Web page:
Tahlequah, the killer whale who carried her dead calf around for 17 days because she couldn’t bear to let go, is a mother again.
She gave birth on July 25, 2018, but just an hour later her 400-pound female calf died, leaving the new mother bereft and resulting in the killer whale balancing the body on her forehead for 1,000 miles as she followed her pod around the ocean.
Now, a little over a month since scientists revealed Tahlequah was pregnant again, the killer whale – also known as J35 by researchers – has given birth to a calf that is said to be in ‘good condition’.
Tahlequah was one of several pregnant killer whales monitored by the nonprofit organisation SR3, which recently finished recording drone images of three different pods. These photo surveys were used to assess the body condition of the whales over time.
Every single calf was monitored over a period of months across the three pods, with researchers keen to ensure each was carried to term in a population that has recently dwindled to just 72 orcas – the lowest in more than 40 years.
John Durban, senior scientist at Southall Environmental Associates, told The Seattle Times they were ‘really encouraged’ Tahlequah carried the calf to term, adding, ‘[We] hope our continued monitoring shows it to be in good condition, and [to] document its growth.’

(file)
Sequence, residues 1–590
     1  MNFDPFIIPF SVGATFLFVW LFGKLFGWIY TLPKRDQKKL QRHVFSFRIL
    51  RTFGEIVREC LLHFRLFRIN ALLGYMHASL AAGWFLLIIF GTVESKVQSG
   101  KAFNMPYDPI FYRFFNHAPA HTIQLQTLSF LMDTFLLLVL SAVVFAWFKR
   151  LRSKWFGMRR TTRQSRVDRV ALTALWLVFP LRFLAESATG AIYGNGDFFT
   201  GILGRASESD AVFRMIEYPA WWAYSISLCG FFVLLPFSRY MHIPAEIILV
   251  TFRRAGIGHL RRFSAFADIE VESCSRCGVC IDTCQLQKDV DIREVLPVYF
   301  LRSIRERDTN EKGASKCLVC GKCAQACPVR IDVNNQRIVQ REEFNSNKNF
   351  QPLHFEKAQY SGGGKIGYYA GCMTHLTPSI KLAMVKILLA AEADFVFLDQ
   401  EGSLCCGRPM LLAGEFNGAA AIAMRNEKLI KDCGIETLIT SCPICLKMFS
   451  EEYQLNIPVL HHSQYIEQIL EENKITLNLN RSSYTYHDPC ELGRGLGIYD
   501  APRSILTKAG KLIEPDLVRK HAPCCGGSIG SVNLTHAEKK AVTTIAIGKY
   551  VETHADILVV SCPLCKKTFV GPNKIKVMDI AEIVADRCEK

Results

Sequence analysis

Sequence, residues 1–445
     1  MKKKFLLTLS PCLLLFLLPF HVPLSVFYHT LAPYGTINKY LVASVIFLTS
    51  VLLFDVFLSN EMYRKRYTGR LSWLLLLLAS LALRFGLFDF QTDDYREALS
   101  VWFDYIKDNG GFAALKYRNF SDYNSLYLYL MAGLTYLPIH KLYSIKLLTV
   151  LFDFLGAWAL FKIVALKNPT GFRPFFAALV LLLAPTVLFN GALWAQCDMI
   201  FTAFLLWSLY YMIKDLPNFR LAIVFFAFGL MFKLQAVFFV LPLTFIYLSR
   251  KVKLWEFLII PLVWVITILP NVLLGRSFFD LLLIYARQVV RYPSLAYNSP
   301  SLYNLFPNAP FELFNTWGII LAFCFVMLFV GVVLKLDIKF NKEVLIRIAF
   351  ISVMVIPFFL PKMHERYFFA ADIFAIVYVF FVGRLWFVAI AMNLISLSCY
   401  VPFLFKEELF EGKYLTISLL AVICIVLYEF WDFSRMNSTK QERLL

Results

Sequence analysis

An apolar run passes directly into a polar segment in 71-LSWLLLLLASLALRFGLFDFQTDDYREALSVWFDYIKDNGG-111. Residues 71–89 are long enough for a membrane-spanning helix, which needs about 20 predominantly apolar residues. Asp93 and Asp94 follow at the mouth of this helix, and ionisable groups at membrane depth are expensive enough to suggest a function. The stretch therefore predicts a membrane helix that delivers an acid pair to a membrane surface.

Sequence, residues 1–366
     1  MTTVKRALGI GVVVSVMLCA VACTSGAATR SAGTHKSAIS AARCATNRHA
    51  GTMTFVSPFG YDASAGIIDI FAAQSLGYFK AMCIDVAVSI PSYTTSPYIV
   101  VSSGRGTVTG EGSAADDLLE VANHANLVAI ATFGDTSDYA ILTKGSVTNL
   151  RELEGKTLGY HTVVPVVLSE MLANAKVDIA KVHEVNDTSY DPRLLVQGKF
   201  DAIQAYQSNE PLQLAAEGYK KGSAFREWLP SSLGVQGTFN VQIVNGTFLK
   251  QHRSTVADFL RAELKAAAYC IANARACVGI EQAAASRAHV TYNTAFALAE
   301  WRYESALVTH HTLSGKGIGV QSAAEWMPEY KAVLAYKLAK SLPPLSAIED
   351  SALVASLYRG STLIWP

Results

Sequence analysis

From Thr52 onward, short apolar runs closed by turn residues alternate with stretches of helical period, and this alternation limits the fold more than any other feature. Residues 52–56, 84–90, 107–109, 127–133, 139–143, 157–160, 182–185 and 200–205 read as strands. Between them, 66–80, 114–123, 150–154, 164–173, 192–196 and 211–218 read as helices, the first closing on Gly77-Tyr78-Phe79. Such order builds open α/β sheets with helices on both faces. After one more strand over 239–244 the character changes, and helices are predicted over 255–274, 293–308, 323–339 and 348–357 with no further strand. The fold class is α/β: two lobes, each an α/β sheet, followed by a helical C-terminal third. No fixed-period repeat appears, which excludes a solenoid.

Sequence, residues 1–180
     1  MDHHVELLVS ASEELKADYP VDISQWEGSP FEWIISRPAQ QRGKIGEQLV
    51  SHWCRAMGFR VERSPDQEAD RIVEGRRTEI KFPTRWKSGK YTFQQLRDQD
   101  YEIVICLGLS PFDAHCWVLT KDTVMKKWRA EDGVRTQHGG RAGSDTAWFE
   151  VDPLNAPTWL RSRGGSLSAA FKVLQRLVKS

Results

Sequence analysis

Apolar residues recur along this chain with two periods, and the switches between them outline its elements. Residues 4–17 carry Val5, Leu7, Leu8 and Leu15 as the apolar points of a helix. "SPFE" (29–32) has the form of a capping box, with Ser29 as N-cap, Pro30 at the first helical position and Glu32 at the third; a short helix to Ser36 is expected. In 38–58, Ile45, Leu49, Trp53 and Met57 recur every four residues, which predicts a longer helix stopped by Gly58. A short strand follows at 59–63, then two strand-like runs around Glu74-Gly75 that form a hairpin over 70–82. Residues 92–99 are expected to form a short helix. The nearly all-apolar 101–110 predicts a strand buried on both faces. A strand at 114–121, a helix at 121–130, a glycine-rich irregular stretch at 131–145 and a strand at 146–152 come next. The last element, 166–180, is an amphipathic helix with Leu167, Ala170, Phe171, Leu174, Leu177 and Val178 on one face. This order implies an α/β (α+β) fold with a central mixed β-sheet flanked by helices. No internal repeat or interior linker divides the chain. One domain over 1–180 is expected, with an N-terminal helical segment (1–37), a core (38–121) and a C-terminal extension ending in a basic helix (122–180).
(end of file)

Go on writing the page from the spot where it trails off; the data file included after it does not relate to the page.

The calf that Tahlequah carried two years ago would have been the first for the southern resident orcas in three years. Thankfully, since then the whales have had three more calves – Tahlequah’s being the most recent – all of which thankfully continue to survive.
Deborah Giles, science and research director for nonprofit organisation Wild Orca, was on the water with all three of the pods on Saturday, September 5, to collect fecal samples from the orcas for ongoing research by the University of Washington Center for Conservation Biology.
What she saw was encouraging, with Giles telling The Seattle Times:
It was a fantastic day with members of all three pods. We were hugely successful, collecting seven samples, our daily record for the year. The whales behaved much like we used to see them, socialising, with lots of amazing surface active behaviour.
This is particularly encouraging because such behaviour has become less common in recent years, as the whales’ food supplies decline and the orca families are forced to spread out to hunt, leaving their pods and socialising less.
There are currently a number of threats facing the southern resident orcas, including the lack of chinook salmon – their preferred food – pollution and other disturbances that make it difficult for them to feed.
Thankfully though, Tahlequah’s baby and the other two calves were born healthy and continue to thrive in their new environment.
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The Seattle Times